“Gilmore Girls”: Why Rory Gilmore Needs to Remain Single

GilmoreGirlsLike many of you, I am psyched about the “Gilmore Girls” revival. “Gilmore Girls” was staple TV viewing for me during the early aughts, and one of the few shows I managed to keep up with during college. (Do you know how difficult it is to keep up with a weekly TV show when you should be studying and/or drinking?) I always felt a kinship with Rory. I was a little bit older than Rory, but a little bit younger than her portrayer, Alexis Bledel. Like Rory, I was bookish, ambitious, and kind of nerdy. Also like Rory, I was a serial monogamist during my high school/college years.

Much speculation has been made of the fact that all of Rory’s beaux—”Nice Guy” Dean, bad boy with a brain Jess, and WASPy Logan—will return for the miniseries. Who will Rory end up with?

Which brings me to the crux of this blog entry: I am very much hoping that, at the end of this miniseries, Rory Gilmore is single. I don’t mean that adult Rory should join a convent or anything like that. But when the final credits roll, I’m hoping that Rory is not married, not in a relationship, and doesn’t have any serious romantic prospects on the horizon—and she’s just fine with that.

There’s a lot of arguments I could make to this. But the main thing it comes down to is this: it seems like every movie I see, every book I read, every TV show I watch, featuring a protagonist that is a Woman of a Certain Age revolves around said woman’s quest to find herself a man, and how she’ll be a pathetic, lonely cat-lady if she doesn’t. For the record, the median “certain age” seems to be about 27. We don’t even get to make it to our 30th birthdays without hearing about biological clocks and how all the “good ones” are either married or gay.

Rory was 16 when the show debuted in 2000, which means she’ll be about 32—the same age Lorelai was when the show premiered—during the revival (God, I feel old now!), putting her squarely into Woman of a Certain Age category.

Young Rory was no stranger to dating and relationships. But that was never what drove her character. Instead, she worked her ass off to get into Harvard (even though she ultimately chose Yale) and to become a journalist like Christine Amanpour. She rejected a marriage proposal from Logan after her college graduation and instead accepted a job offer as a reporter covering Barack Obama’s campaign.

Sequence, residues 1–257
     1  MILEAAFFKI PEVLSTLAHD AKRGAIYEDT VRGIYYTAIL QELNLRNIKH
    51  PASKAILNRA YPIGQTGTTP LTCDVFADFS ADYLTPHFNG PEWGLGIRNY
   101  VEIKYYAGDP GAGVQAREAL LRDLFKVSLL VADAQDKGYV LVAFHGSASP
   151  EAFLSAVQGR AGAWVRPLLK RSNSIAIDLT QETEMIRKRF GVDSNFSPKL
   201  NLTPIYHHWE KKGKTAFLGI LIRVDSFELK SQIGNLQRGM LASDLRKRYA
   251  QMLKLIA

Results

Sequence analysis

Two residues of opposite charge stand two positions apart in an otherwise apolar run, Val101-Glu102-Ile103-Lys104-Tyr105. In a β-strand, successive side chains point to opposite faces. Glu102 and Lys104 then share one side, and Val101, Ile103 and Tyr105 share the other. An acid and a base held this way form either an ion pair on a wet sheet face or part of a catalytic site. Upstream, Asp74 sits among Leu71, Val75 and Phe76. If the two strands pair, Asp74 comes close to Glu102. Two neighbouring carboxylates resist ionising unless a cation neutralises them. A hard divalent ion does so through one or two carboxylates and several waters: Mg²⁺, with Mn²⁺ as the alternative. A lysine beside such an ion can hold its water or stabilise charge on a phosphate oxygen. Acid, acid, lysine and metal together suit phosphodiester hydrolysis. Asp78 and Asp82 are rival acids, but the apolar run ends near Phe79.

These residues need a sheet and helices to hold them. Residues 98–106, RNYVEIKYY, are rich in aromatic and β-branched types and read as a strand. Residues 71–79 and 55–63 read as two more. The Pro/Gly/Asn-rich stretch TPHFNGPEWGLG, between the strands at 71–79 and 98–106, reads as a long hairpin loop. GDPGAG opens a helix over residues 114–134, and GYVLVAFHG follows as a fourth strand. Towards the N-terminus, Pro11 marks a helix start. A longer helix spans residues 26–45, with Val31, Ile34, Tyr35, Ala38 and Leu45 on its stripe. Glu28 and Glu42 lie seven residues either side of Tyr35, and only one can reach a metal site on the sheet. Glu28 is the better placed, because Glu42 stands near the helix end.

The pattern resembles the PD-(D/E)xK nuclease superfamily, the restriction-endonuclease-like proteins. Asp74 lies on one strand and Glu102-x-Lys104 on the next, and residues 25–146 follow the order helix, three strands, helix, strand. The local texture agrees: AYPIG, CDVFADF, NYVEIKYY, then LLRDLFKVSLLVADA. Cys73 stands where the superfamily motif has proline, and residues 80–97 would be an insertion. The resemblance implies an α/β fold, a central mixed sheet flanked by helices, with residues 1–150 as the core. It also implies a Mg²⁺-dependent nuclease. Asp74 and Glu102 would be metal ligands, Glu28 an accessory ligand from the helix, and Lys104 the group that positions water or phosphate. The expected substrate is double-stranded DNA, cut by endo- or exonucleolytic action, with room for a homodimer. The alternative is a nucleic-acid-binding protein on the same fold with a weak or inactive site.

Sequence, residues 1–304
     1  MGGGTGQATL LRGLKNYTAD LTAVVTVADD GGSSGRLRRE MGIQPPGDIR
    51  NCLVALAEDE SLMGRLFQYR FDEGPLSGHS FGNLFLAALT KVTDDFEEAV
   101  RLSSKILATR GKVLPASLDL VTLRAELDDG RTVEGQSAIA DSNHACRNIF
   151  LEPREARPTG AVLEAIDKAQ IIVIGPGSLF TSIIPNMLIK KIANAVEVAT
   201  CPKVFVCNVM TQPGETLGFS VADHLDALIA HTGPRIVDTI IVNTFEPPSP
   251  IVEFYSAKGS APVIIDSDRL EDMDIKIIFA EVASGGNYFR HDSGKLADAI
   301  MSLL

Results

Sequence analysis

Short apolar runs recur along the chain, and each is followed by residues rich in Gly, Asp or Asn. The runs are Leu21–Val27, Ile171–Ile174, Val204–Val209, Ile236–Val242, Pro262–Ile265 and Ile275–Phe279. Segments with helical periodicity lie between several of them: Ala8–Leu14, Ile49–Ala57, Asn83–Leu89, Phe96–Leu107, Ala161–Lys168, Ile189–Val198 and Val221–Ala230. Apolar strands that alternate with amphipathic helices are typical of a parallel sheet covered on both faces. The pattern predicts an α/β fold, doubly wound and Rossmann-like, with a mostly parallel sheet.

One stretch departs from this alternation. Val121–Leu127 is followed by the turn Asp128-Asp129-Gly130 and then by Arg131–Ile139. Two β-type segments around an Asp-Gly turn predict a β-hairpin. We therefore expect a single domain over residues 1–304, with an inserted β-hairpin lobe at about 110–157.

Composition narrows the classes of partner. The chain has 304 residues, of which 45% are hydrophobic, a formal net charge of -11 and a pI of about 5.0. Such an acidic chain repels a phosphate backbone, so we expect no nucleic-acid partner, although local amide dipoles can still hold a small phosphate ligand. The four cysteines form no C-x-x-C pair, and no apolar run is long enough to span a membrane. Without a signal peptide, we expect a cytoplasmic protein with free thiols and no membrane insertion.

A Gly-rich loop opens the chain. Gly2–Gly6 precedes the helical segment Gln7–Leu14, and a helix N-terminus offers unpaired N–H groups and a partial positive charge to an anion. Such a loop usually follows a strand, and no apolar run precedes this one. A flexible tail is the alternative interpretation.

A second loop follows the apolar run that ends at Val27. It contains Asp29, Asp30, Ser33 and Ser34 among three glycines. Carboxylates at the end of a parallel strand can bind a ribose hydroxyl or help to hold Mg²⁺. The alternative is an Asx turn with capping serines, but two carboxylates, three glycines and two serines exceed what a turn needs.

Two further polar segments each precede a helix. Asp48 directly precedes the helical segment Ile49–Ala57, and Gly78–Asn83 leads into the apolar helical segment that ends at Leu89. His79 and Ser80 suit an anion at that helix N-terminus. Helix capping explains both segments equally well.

(Sidenote: I remember that, at the time of “Gilmore Girls” finale, Obama still seemed like a longshot. I wondered what would happen to Rory after the campaign inevitably ended. Guess we all know how that turned out!)

I’d like to think that adult Rory will be very much the same way. That’s not to say that she won’t date or that she’s taken a vow of celibacy, but that it isn’t at the top of her list of priorities. And if her former boyfriends waltz back into her life and turn her head again, I want her to have a Kelly Taylor/“90210” moment and say, “I choose me.” (Of course, unlike Kelly, Rory isn’t going to end up with a cokehead three weeks later.)

Millennials are getting married later and later, and some are choosing not to get married at all. And yet, women are still bombarded with media—not to mention well-meaning family and friends—who seem to think that the Hallmark Channel Original Movie way of life is the ideal. But it’s just not for everyone. And we’ve got to stop teaching young women that being with someone—anyone—is better than being alone, because it’s not.

So that’s what I want Rory to be: a role model for young women who haven’t met their special someones yet or maybe don’t want to get married at all or maybe just don’t care one way or another. At the end of the “Gilmore Girls” revival, I want Rory to ride off into the sunset alone and be just fine with that.

Tuesday Book Rec: Every Heart a Doorway by Seanan McGuire

EveryHeartDoorway

I’ve been focusing a lot on promotional stuff as of late, but I wanted to take today to return to my Tuesday Book Recommendations.

I get these “author crushes.” Basically, it’s when I look at another author with a combination of envy and awe. And yes, I know—we all have our own voices and styles, etc. Still, it doesn’t stop me from looking at the work of other authors and thinking, “I wish I could do that!”